In the Review of Biblical Literature, Nicholas Elder reviews Channing Crisler’s Reading Romans as Lament: Paul’s Use of Old Testament Lament in His Most Famous Letter (Pickwick, 2016). According to Elder,
The monograph’s central argument is that Paul is thoroughly indebted to the language and logic of Old Testament/Hebrew Bible lament in his letter to the Romans. Crisler employs both biblical scholarship on lament in the Hebrew Bible and Richard B. Hays’s well-known criteria for detecting quotations, allusions, and echoes of antecedent biblical texts in Paul’s writings. [Crisler’s] thesis that “the experience of OT lamenters is echoed in Romans, and those echoes largely shape the way Paul discusses suffering in the letter.”
More explanation on the choice of texts and their relationship to each other and Romans as a whole would improve the monograph. Nonetheless, Reading Romans as Lament contributes to the ongoing discussion of Paul’s metonymic recall not only of Jewish Scriptures but also the lament genre. (1, 4)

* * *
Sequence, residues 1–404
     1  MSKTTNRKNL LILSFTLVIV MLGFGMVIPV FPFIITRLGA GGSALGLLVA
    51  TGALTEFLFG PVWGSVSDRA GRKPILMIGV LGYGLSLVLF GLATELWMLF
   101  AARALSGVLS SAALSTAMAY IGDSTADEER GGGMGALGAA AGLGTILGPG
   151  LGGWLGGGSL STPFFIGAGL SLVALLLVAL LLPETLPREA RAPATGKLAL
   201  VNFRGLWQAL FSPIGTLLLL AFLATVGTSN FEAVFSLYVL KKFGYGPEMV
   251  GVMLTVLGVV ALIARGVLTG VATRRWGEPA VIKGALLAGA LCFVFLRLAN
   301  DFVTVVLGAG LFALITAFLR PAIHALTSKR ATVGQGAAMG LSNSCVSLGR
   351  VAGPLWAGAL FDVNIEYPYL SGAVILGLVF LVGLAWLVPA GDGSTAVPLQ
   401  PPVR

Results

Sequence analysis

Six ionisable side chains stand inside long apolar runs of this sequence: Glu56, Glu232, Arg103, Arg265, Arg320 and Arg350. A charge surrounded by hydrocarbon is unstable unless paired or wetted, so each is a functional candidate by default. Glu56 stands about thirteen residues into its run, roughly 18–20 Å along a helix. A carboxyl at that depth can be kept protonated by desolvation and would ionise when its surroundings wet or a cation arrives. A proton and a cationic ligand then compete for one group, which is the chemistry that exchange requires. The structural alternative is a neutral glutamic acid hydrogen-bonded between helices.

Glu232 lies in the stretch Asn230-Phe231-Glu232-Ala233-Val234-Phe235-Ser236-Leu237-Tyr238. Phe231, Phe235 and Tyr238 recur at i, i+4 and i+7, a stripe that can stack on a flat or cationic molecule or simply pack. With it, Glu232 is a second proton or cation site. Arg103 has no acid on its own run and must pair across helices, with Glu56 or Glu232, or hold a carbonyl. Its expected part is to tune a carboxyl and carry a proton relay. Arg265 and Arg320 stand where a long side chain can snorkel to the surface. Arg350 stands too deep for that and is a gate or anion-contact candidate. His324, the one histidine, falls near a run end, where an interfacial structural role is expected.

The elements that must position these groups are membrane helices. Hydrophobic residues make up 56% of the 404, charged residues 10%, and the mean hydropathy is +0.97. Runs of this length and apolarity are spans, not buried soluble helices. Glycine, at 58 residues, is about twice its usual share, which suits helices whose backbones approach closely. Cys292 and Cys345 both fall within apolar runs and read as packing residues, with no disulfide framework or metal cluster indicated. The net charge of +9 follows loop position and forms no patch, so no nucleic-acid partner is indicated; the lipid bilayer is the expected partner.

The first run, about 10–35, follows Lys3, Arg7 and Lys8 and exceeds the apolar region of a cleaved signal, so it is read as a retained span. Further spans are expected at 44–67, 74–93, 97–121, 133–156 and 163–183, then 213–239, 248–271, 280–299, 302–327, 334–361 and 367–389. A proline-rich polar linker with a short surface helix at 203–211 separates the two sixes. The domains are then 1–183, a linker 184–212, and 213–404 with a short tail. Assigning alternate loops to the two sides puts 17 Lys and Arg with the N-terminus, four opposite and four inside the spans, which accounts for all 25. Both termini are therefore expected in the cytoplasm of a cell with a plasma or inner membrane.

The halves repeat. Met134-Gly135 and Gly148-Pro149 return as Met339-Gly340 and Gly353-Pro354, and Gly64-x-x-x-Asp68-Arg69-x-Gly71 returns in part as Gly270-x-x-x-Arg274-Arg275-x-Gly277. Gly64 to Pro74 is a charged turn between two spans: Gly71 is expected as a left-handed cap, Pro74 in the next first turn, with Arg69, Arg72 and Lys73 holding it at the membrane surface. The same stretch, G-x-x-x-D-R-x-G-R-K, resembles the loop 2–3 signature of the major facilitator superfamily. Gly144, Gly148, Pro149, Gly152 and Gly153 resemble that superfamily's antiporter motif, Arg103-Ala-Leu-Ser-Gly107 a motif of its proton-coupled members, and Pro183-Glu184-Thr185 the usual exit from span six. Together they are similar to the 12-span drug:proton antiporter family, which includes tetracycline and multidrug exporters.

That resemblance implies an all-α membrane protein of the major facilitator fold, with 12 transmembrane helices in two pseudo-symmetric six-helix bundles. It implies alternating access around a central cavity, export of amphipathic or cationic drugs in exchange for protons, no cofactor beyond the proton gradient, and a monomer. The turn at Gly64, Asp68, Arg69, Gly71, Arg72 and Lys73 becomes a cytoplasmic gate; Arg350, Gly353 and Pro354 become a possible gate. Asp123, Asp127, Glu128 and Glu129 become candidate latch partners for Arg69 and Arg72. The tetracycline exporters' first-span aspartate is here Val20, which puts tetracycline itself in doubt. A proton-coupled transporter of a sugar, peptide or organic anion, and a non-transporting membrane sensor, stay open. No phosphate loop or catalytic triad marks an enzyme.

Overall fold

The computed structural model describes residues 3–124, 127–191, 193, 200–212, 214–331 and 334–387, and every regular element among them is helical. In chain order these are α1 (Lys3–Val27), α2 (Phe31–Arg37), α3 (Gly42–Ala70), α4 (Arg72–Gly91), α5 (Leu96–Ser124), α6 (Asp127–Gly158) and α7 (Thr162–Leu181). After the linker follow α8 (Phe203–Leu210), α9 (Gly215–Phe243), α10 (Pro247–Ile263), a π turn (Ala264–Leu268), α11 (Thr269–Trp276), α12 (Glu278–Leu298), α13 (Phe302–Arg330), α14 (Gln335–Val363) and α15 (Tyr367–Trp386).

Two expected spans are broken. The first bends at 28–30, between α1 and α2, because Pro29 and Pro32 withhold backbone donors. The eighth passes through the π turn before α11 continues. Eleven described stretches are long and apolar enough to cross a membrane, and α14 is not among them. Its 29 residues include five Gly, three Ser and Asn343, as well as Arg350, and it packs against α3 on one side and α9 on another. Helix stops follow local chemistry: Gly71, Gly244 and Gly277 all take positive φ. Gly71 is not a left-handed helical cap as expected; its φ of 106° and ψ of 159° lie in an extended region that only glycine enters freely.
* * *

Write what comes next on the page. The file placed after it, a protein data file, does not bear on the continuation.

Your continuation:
For the balance of Elder’s review, see RBL‘s website.
In the Review of Biblical Literature, Chris Kugler reviews David Capes’s Divine Christ: Paul, the Lord Jesus, and the Scriptures of Israel (Baker, 2018). According to Kugler, the book
reprises much of [Capes’s] foundational work, Old Testament Yahweh Texts in Paul’s Christology (Waco, TX: Baylor University Press, 2017 ), and argues that Paul’s appropriation of “YHWH texts” with reference to Jesus represents a remarkable development in earliest Christianity and can only indicate that Paul regarded Jesus as fully divine. (1)
Kugler citiques Capes’s sketch of Second Temple Jewish monotheism (3) but also acknowledges the debt that discussions of early high Christology owe to Capes’s work (1).
For the balance of Kugler’s review, see RBL‘s website.
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